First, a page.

Saturday, August 15, 2009

Generation Islam

Just finished watching this amazing CNN Special "Generation Islam" with veteran Middle East affairs reporter, Christiane Amanpour. I really hope Pres. Barack Obama watched this too. It lays it out so clearly: the way to fight Islamic fundamentalism, jihadists, and suicide bombers is through books, not bombs. By building schools so that these children have alternatives, rather than dropping missiles on their homes and killing their relatives which only drives them into the arms of extremist recruiters. The program covers Greg "Three Cups of Tea" Mortenson, whose work we have already profiled on this blog, but also many others who are trying to win the hearts and minds of the younger generations in Afghanistan and Gaza through education and other peaceful means. It is an excellent production and a worthwhile way to spend a couple of hours.


  1. It’s a bit late and I’ve not watched this video, and I agree with you that nothing is solved or gain in theses conflicts by the way of the bomb, still being a person that I praise myself for being religious tolerant and one that tries to see the path to God in many religious practices, I have to say that when it comes to Islam, I am quite uncertain about what to think and sometimes I am tempted to believed that something is in the works in the underground in many countries that –as it should be- democratically allow Islamic schools and centers of worship.
    Someone send me today this YouTube video from one of the famous French supermarkets Carrefour.
    A large group of pro palestinian green clad people, walks in and storm the shelves taken away all the merchandise that comes from Israel, to be later destroyed. Unfortunately the video does not show if they paid for it.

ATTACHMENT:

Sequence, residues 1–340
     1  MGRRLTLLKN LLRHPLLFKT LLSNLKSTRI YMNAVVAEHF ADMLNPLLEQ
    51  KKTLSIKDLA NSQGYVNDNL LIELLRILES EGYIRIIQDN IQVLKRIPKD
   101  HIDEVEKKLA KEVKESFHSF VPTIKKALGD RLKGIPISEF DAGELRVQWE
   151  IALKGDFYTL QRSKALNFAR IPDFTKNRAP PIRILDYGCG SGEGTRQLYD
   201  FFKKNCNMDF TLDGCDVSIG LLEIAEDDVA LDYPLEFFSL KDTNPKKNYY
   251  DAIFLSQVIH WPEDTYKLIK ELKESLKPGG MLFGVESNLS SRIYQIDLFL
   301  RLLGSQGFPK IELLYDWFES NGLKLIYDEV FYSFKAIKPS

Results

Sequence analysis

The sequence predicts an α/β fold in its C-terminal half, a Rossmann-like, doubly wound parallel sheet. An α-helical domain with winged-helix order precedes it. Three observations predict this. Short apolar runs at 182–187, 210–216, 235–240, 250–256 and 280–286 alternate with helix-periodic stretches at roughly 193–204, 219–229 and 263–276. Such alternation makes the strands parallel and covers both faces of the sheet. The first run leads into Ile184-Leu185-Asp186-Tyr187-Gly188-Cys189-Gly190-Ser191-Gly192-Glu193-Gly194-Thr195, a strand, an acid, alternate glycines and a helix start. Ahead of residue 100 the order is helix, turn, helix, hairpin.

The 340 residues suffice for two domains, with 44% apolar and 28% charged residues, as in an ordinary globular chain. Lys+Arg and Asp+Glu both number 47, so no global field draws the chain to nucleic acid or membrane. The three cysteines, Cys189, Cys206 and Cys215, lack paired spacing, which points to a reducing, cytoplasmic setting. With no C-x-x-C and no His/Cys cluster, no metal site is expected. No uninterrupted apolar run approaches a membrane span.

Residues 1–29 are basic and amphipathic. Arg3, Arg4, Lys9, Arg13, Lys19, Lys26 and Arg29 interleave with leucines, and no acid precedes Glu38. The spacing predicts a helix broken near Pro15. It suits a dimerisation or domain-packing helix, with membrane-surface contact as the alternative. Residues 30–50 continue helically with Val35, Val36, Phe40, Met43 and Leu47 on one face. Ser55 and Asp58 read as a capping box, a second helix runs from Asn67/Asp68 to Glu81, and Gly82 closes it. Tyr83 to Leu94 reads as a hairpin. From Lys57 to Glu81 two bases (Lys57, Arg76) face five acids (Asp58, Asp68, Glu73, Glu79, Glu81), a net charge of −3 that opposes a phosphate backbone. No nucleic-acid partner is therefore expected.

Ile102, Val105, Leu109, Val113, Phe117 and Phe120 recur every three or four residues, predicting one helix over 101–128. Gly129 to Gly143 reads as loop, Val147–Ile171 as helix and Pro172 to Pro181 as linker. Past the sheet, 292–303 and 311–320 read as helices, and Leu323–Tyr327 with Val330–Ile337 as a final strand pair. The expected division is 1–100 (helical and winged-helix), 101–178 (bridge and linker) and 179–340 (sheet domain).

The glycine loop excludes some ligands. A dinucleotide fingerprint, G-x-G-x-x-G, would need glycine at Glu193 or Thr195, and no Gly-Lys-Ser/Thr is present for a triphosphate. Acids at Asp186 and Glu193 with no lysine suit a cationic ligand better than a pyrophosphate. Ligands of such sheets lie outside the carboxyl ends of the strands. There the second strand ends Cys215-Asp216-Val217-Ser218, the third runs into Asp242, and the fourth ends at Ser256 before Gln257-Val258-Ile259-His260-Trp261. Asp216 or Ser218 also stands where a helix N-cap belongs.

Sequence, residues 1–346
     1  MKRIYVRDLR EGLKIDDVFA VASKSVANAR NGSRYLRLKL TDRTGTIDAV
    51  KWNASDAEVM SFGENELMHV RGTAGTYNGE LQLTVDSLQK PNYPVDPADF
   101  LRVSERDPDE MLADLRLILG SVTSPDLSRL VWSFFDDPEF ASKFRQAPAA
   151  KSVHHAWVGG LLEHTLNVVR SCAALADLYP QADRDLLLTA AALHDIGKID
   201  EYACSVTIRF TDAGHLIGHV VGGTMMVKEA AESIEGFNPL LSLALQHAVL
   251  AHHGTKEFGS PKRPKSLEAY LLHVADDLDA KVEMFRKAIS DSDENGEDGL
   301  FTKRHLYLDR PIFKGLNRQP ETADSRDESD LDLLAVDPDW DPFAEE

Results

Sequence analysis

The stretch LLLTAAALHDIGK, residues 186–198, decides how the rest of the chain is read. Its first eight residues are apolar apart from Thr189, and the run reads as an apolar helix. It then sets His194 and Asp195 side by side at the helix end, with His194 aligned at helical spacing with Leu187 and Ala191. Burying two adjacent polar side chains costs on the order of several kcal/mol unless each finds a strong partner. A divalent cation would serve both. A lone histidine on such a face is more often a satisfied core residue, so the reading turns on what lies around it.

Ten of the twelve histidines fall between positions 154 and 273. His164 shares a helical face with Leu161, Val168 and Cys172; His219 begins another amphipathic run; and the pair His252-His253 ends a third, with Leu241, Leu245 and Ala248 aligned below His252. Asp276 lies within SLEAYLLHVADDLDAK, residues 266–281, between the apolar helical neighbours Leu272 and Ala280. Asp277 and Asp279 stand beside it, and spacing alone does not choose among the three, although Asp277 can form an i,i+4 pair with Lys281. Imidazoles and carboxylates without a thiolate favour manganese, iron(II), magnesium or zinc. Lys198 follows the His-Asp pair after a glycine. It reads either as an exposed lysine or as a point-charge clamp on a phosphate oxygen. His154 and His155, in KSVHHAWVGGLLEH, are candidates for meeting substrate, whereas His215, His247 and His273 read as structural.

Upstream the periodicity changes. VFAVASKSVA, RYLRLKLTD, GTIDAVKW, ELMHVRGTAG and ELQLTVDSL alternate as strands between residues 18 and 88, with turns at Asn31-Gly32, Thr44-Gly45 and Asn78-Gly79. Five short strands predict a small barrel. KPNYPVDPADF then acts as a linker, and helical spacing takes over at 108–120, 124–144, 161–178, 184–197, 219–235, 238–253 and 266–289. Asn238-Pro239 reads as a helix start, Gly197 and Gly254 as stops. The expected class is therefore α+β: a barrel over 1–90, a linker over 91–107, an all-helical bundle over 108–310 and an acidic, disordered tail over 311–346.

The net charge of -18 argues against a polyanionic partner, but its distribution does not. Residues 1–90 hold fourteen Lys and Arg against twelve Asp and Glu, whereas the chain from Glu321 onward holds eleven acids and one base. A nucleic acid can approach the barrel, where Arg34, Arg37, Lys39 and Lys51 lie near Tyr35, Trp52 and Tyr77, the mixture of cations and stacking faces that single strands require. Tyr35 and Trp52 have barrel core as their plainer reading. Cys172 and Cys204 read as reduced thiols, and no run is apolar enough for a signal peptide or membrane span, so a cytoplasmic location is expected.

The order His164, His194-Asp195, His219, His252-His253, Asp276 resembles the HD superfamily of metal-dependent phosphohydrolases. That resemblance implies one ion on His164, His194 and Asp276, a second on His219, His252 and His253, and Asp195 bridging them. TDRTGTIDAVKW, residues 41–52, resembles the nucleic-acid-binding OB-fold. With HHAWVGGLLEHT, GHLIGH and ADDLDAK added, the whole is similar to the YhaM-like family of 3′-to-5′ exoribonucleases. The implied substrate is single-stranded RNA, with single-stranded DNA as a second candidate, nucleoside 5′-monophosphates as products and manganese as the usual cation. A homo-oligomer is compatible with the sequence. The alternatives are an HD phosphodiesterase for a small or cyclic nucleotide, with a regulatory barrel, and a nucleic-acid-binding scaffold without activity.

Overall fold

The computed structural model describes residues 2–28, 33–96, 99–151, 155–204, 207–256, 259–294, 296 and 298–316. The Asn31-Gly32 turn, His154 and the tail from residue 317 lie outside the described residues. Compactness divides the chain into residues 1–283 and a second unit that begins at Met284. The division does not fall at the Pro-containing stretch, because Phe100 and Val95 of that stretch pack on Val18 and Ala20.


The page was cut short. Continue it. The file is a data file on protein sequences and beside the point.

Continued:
No security personal seems to be summoned from management in that market

    This is just one thing of this nature from many that we have witnessed or heard about.
    Well, a few years ago my mother was in her neighborhood food supermarket o “plaza” as we call them there and there was a semi-veiled Muslim woman shopping, I don’t know if because someone said something or because they were staring at her, but she commented to the other women around: “One day all of you will dress like this.”
    In this delicate and potentially explosive matter, I tend to agree with what Pres. Reagan said to the Soviets: “Trust, but verify”... or it may be too late.

  2. Unfortunately many European countries like Spain and France are having the same problem with immigrants from Islamic countries that North Americans have with Latino immigrants: different language, different culture and customs, different religion (US being still more Protestant than Catholic)..."Help! They're taking over and changing our way of life!"

    I'm not happy with any kind of religious fundamentalism but it is less likely among better educated people who can relate to each other in different ways without bashing each other over the head either with the Bible or the Koran.

    On the other hand, militant secularism isn't great either. I disagree with Pres. Sarkozy's war on the burqa and the nikab. Conservative Muslim women should be allowed to dress as they please. It doesn't seem right that we would permit a Catholic nun to wear her veil but not give that same freedom to a female high school student from a Muslim family. One unfortunate consequence of such rigid policies is that the family might withdraw their daughter from school and she will never get the education she needs to be able to make her own decision about whether or not to veil.